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As Investors Grow Concerned About China's Tech Crackdown, India Is Seeing A Surge In Unicorns

The last week was incredible in terms of the growth of India's technology companies, as a record round of funding moved focus to the world's second-largest market at a time when investors were concerned about China's crackdown on tech firms.

While the food delivery app Zomato with funding from Morgan Stanley, Tiger Global and Fidelity Investments, became the country's first unicorn to go public, raising $1.3 billion, Paytm submitted a draught prospectus for a $2.2 billion IPO, which might be India's largest and Flipkart Online Services Pvt received $3.6 billion at a $38 billion valuation.

According to Hans Tung, the Silicon Valley-based managing partner of GGV Capital, for the past several years, Indian entrepreneurs have been quietly establishing start-ups, the country's internet infrastructure has dramatically improved, and there is a strong global desire for IT stocks. Hans said that "investors are beginning to see the huge upside and they expect India to be a China," reported the South China Morning Post.

In contrast to China, where online usage is far more advanced, many of India's 625 million internet users are getting started to experience the world of video streaming, social networking, and e-commerce. Since e-commerce accounts for less than 3 per cent of retail transactions, the possibilities in online buying are extremely appealing. Even a London-based data and analytics firm GlobalData has predicted that India's e-commerce market will reach $120 billion by 2025.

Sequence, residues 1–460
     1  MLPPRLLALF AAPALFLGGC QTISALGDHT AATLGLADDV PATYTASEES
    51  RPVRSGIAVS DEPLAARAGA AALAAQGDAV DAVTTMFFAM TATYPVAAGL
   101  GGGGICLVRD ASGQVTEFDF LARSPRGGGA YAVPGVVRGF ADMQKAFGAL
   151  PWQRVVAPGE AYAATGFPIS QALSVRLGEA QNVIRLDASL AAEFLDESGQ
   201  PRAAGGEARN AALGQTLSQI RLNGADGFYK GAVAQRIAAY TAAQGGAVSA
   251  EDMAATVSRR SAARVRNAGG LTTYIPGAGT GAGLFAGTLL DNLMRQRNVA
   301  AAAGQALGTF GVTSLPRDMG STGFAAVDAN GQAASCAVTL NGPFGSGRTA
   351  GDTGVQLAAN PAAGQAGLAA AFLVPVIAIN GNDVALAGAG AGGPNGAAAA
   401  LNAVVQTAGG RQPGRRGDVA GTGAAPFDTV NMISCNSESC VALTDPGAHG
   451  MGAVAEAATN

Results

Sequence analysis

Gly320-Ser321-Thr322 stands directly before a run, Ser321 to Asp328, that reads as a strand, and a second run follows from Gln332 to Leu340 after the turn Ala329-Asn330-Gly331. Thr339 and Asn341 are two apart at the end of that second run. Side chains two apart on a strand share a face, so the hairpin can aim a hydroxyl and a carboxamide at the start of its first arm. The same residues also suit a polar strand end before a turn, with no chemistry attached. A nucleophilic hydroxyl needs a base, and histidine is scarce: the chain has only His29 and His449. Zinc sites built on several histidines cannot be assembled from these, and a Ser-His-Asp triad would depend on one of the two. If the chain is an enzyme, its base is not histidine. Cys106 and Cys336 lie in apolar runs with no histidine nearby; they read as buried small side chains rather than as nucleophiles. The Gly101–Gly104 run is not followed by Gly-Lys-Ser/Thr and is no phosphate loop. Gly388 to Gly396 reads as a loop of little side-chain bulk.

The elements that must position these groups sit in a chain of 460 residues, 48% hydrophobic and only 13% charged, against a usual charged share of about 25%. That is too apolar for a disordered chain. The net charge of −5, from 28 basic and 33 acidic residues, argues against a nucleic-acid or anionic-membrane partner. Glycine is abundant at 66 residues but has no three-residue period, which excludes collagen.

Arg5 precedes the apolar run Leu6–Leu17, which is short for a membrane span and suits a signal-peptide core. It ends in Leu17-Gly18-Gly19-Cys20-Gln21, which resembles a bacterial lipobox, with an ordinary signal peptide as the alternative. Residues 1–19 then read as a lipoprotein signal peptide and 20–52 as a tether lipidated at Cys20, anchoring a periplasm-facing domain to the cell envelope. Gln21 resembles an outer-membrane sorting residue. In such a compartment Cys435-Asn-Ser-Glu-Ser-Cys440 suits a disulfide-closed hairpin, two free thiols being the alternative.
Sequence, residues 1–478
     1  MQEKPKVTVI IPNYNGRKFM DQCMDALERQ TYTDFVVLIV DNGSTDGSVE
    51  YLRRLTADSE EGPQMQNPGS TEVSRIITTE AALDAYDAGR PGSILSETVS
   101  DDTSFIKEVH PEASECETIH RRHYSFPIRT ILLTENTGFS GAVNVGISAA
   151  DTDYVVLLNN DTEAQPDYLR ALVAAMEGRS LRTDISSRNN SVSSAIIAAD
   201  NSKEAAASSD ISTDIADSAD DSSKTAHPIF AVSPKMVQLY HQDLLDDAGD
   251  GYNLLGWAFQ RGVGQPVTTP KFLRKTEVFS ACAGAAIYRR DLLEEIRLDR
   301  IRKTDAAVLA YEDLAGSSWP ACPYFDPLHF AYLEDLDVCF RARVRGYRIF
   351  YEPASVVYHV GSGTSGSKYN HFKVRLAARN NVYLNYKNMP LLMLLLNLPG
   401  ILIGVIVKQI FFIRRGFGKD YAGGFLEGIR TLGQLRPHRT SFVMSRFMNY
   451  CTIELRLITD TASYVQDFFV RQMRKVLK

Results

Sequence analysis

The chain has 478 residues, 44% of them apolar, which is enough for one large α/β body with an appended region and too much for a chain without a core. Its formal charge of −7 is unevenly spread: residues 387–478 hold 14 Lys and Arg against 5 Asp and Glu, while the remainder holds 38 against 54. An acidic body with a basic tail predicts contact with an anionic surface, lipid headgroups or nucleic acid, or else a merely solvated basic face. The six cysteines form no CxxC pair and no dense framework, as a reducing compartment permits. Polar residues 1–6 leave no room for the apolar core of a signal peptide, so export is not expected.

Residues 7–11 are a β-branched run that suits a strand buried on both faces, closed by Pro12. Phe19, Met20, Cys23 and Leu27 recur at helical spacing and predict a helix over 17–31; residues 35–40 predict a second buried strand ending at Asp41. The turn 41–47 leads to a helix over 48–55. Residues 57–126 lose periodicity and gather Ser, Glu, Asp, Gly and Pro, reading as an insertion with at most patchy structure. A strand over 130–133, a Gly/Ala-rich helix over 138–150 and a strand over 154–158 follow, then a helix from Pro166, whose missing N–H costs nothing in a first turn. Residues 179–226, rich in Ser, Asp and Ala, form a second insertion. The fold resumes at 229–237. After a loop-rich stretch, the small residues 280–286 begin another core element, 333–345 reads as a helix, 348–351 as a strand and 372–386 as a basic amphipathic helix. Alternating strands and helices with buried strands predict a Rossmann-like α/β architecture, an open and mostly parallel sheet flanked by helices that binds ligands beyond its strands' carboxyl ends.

But in China, the authorities are reigning in its internet companies, slashing market values by over $800 billion since February's peak and decreasing the net wealth of its most prominent entrepreneurs by billions. The Cyberspace Administration Of China abruptly removed Didi Global from app stores earlier this month. This move came months after regulators pushed Chinese business mogul Jack Ma's Ant Group to cancel a spectacular IPO at the last minute.

The crackdown is expected to continue as officials attempt to rein in tech corporations' dominance. It is vital to remember that Chinese tech businesses operate in a country where the government is becoming increasingly dictatorial, demanding absolute fealty from the private sector. The more important fact is that under cover of antitrust, China is cementing the Communist Party's monopoly of power, with private businesses losing what little independence they have left and becoming a kind of additional arm of the state.


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